Hello, this is a feature that will run through the entire season and aims to recap the weekend’s events and boils those events down to one admittedly superficial fact or stupid opinion about each team. Feel free to complain about it.
A lot was made about the Washington Capitals' first four games of the season, and not just because they didn't win any of them. The defense was bad, allowing 17 goals. The offense was worse, scoring just eight.
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And in the middle of it all was Alex Ovechkin, who labored through those first four games with a carousel of linemates that included everyone from Nick Backstrom and Marcus Johansson to Joey Crabb and Jay Beagle. All he had to show for it at the end of that was one measly assist, a secondary helper for Matt Hendricks in a 4-2 loss to Winnipeg.
"What," everyone wondered, "is wrong with Alex Ovechkin?"
It's become pretty common knowledge at this point that no one's ever going to put him up for the Hart again in his career barring some sort of miraculous turnaround, and even his staunchest supporters have to wonder what, exactly, happened to the guy who averaged 55 goals a year over the first five season he spent in the NHL. Not that his 38 goals last season is anything to sniff at, particularly given how much Dale Hunter seemed to delight in not giving him much of a chance offensively, and his time on ice per game dropped below 20 minutes.
It seemed the hope was that bringing in a new coach like Adam Oates, who was a power play specialist as a player and therefore knows a thing or two about juicing offense, would return Ovechkin to the form that allowed him to light up the league. But it wasn't until yesterday's game with hapless Buffalo that Ovechkin and Oates finally found that old magic for a second.
On a power play early in the third period, Mike Green fed him right in his wheelhouse at the top of the circle, and the shot was vintage Ovechkin. Low, hard, perfectly placed, unstoppable. This was the Ovechkin we want to remember, and visions of him firing home perfect one-timers from the Stamkos Spot is something most hockey fans would welcome as it danced through their heads. There was a lot of that kind of comment on Twitter as soon as the puck rippled the back of the net.
The sad fact, though, is that these flashes of olden days Alex Ovechkin seems to be just about all we'll ever get from the guy any more.
He can still hammer home one-timers every once in a while, but the Ovechkin we have now is far more pedestrian.
He's 27 now. Statistically, it's pretty safe to say he's never going to produce like he did before. Move him to the right wing or back to the left all you want, but there's simply not a magical cure to make him score 50 a year any more.
Yes, his 38 goals last season was still good for fifth in the league, and it must be stated again that there were indeed mitigating factors, but at some point the hockey world has to stop talking about Ovechkin as being the kind of elite player he once was, right?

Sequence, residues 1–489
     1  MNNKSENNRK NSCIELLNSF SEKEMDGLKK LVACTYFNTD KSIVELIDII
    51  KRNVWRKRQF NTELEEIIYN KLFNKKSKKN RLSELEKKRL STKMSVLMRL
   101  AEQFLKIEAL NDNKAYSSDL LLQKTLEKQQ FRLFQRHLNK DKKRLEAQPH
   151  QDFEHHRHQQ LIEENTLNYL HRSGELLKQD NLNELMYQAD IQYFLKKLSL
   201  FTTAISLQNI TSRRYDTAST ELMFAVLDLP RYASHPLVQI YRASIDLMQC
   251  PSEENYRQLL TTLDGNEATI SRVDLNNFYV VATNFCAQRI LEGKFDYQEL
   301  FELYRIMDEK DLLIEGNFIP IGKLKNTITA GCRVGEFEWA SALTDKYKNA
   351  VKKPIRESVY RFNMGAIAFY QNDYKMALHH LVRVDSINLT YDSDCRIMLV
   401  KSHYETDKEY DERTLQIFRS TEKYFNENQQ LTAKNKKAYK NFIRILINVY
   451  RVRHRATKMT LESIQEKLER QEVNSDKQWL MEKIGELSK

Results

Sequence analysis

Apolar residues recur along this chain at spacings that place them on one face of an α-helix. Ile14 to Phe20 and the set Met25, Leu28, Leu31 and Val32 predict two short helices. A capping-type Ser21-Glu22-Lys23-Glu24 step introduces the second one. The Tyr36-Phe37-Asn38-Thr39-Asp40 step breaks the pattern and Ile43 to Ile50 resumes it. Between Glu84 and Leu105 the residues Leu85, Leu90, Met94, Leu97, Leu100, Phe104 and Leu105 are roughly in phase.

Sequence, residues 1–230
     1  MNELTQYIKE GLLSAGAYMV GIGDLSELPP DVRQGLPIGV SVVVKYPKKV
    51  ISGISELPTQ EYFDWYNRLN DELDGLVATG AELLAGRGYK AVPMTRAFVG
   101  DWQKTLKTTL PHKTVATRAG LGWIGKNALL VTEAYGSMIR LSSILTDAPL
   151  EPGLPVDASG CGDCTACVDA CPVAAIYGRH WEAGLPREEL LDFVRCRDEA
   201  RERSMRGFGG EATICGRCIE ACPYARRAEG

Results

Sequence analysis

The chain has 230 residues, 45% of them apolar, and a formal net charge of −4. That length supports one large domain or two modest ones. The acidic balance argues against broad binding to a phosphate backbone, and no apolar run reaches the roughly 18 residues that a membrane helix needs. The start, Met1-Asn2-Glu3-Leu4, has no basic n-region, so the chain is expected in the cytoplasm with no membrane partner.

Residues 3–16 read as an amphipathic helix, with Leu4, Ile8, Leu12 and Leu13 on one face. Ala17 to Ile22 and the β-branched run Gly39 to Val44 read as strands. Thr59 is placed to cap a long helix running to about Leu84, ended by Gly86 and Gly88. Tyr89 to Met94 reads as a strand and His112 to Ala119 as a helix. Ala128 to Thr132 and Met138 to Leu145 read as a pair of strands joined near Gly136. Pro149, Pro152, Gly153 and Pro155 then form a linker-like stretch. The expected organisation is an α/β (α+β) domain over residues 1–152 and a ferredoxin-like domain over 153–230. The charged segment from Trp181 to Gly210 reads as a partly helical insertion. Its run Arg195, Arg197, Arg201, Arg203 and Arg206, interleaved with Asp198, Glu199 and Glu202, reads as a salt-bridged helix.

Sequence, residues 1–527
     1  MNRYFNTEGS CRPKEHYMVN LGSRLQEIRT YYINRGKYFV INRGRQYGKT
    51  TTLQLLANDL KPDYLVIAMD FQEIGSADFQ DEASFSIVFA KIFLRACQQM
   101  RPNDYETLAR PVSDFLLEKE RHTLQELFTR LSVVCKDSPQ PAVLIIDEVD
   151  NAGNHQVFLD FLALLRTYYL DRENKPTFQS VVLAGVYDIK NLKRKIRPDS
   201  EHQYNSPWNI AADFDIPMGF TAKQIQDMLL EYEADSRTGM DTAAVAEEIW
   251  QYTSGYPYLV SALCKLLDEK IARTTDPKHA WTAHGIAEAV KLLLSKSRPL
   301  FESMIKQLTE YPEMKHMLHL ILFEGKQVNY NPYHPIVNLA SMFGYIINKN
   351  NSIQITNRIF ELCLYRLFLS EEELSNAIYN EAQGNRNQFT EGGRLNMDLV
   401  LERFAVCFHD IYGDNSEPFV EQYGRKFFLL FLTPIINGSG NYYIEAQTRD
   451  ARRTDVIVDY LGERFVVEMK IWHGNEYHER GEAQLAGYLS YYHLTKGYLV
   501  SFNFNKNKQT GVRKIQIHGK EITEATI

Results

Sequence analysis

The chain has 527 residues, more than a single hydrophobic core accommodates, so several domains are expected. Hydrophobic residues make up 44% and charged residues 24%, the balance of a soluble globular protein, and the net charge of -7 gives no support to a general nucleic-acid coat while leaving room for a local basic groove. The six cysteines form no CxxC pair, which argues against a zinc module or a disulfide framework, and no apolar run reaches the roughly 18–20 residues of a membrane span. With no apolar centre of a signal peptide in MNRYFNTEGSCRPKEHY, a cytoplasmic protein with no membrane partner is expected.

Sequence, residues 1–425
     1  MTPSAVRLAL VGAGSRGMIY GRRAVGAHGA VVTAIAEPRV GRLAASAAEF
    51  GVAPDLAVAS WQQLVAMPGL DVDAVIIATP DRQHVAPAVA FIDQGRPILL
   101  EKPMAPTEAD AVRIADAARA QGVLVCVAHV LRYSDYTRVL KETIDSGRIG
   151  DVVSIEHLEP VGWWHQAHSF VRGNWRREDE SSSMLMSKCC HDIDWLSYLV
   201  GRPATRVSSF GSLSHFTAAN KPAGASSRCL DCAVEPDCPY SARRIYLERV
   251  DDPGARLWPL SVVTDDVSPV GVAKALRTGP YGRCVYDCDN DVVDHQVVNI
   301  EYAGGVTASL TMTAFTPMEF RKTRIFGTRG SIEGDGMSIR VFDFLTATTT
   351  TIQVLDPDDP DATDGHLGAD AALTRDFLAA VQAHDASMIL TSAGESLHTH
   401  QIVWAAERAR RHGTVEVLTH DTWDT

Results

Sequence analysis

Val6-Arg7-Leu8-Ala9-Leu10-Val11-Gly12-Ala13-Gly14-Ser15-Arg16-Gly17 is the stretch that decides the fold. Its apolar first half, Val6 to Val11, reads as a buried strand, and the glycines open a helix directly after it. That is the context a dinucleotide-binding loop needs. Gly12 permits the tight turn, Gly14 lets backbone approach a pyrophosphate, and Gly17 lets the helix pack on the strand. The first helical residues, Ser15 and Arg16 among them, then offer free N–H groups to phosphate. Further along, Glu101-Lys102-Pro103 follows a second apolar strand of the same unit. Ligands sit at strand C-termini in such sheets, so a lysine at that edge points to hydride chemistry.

There's nothing wrong with not topping 40 goals because most guys don't do it, but this is now officially the paradigm for the rest of Ovechkin's career, isn't it?
So the question becomes whether everyone's perception of Ovechkin catches up with reality, and when that happens. He's not worth the money he's being paid these days, and in another year or three it's going to be interesting to see just how bad that contract is. He'll be the face of the Capitals for as long as he's on the team, and one suspects that will be a considerable amount of time, but all this sitting around and clock-watching while people wait for the surge seems a colossal waste of time.
Going four games straight without a goal to start the season is the norm for Ovechkin, and shouldn't come as a surprise to anyone who's watching Caps games these days.
What We Learned
Anaheim Ducks: Bruce Boudreau trotted out Viktor Fasth for his first-ever game on the second night of a back-to-back and the rookie picked up his first win, stopping 19 of 21 and then blanking the Predators in the shootout. Fasth, by the way, is a rookie in experience only, given that's he's already 30 years old.
Boston Bruins: You know that stat now about how more stuff gets printed every day than mankind printed in its entirety prior to 1900, or whatever? That's how I feel about the number of fawning articles about Dougie Hamilton that will be printed by the end of this season. The kid is terribly good, but c'mon now.
Calgary Flames: The Flames finally got a win on Saturday night, beating Edmonton 4-3 at home, behind another crackerjack performance from… Lee Stempniak? That can't be right. What do you mean he's tied for the team lead in points with 3-2-5? Jeez.
Carolina Hurricanes: This standard gamer of the Hurricanes' Friday night sweep-completing win over Buffalo contained an interesting tidbit: The Hurricanes have made a trade with every team in the league except the Sabres.
Chicago Blackhawks: I feel like this is the Blue Jacketsest goal to concede, maybe ever. Oh and it was the game-winner.